Search

HERE IS A CONTROVERSY THAT'S FOR THE BIRDS: TO FEED OR NOT TO FEED

Nov. 08, 1982
Nov. 08, 1982

Table of Contents
Nov. 8, 1982

College Football
Hagler
Aaron Pryor
TV
College Soccer

HERE IS A CONTROVERSY THAT'S FOR THE BIRDS: TO FEED OR NOT TO FEED

Our bird feeder is nailed to the trunk of a tree at eye level, about 10 feet from our kitchen window. At the onset of cold weather we stock it with seeds and also wire a chunk of suet to its roof. Then, for much of the fall, all winter and well into spring, the avian show begins at dawn each day and often continues until dark.

This is an article from the Nov. 8, 1982 issue Original Layout

Everyone in our family enjoys the birds immensely, and we have plenty of company in our appreciation. It's now estimated that 38.8% of the adult American population puts out feed for wild birds, making this the most popular wildlife-related hobby in the country.

Those of us who stock feeders do it mostly because we enjoy watching birds use them, but we also like to believe that the extra feed helps birds through the winter. Recently, though, doubts have been raised about how beneficial bird feeding is, and there's even speculation that it might be harmful.

One of the possibly deleterious side effects is that birds may become overdependent on human handouts. The assumption is that birds quickly become reliant on such easily accessible sources of food, and some experts think the birds are endangered when a family leaves home and its feeder goes unstocked for days at a time. Particularly in periods of extreme cold, when natural feed is scarce and when birds require more nourishment than usual, birds suffering from overdependence on feeder food could find themselves at a disastrous disadvantage if suddenly required to obtain natural food supplies.

Frank Gramlich, a retired supervisor for the U.S. Fish and Wildlife Service in Maine, believes that birds in certain areas are now sustained largely by food from feeders rather than natural sources. "In towns in central Maine during the winter," he says, "there's no sense in looking for birds anywhere but in the immediate vicinity of feeders. Feeders give birds a false sense of security and interfere with the natural order. It's only logical to conclude that changes in normal behavior patterns can result in a lack of adaptation to natural foods and feeding habits and in possible dietary deficiencies."

Other troubling assertions about feeders have been made. One is that concentrations of birds invite the spread of communicable diseases among them. Another is that feeders cause some species to delay their migration south.

The only detailed study ever done on bird feeding was completed in 1979 by Dr. Aelred Geis, an urban wildlife specialist for the U.S. Fish and Wildlife Service. Titled Relative Attractiveness of Different Foods at Wild Bird Feeders (oil-type sunflower and white proso millet seeds were found to be favorites), the report has become the most popular publication ever produced by the service.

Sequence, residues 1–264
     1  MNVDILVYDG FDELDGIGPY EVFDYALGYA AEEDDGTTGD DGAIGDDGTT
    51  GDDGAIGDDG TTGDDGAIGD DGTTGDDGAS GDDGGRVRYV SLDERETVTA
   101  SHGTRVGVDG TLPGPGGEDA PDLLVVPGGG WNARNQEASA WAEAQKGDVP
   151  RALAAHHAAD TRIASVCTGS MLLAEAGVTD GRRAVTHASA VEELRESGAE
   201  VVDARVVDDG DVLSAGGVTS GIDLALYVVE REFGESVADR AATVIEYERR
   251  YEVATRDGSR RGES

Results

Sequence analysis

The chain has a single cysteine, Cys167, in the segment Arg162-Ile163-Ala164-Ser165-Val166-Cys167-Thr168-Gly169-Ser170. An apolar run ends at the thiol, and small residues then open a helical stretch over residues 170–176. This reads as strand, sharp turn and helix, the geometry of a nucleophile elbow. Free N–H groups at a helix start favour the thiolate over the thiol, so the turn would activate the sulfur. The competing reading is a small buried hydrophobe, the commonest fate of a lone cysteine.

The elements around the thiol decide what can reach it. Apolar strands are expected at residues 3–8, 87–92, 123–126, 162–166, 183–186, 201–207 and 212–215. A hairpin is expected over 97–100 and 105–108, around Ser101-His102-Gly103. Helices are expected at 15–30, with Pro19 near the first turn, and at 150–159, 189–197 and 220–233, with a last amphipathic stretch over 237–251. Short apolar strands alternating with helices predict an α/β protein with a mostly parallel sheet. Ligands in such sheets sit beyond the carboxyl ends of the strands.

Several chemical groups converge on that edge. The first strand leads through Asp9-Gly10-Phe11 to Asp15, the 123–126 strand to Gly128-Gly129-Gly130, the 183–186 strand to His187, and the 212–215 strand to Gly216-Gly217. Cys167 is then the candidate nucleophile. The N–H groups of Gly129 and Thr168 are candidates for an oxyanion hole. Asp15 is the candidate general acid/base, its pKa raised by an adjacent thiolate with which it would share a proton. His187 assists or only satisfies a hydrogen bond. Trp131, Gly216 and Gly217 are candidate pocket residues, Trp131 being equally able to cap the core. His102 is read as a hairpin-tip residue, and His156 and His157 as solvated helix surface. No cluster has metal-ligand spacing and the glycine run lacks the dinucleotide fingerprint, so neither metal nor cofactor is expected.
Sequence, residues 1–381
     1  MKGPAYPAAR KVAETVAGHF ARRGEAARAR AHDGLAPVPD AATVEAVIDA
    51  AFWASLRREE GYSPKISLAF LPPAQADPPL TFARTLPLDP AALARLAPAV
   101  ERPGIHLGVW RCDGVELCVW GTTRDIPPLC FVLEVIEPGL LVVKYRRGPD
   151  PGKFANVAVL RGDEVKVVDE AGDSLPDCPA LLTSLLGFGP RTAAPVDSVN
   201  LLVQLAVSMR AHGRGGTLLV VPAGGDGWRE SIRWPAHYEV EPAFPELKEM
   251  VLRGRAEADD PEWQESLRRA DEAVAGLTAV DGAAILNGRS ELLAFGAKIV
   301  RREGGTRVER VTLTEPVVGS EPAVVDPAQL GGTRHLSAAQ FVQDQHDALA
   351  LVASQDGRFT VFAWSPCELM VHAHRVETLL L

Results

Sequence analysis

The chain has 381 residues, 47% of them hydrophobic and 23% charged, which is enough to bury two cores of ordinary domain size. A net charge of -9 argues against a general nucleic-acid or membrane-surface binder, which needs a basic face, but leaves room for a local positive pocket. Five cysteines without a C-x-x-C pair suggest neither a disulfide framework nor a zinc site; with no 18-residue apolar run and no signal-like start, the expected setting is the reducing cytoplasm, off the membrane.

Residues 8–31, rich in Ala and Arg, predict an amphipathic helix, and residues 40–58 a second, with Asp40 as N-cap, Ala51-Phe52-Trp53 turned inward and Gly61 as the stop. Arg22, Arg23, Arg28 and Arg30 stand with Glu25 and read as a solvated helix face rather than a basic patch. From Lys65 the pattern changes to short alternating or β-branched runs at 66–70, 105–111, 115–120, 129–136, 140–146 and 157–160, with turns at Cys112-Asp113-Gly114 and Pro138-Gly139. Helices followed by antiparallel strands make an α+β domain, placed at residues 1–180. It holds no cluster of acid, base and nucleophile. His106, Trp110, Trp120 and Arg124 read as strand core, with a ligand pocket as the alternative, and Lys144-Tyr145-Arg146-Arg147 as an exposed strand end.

"I don't agree with the prophets of doom regarding bird feeders," Geis says. "The real problem is that there hasn't been enough research on the subject, and it doesn't look like there's going to be, because the money just isn't available. But my own observations prove to me that birds are more resourceful than a lot of people seem to think. Of course they'll take handouts gladly, but I think they can readjust to normal conditions when they have to. And birds in the wild—ducks and doves, for instance—are often found in enormous concentrations, and no one talks about disease as far as they're concerned. Another consideration is the fact that more than $500 million is spent on bird feeding each year. But the value to shut-ins and to children learning firsthand about the natural world can't be expressed in dollars and cents. Anyone who feeds birds is bound to get a lot of pleasure out of it, and it has to enhance the public's concern for wildlife."

Until the questions regarding bird feeding are satisfactorily answered, here are a few simple guidelines. For certain species, feeders should be at least eight or 10 feet off the ground (although others prefer to eat directly off the ground) and located fairly close to escape cover—shrubs and trees—but not so close that cats can hide there. Old grain and seed husks should be removed and droppings regularly cleaned from feeders to reduce the possibility of the spreading of disease. If you leave home during the winter, even for a weekend, have a friend check the feeder and restock it when necessary. This is little enough to do for creatures that enliven the outdoors in even the dreariest of winters.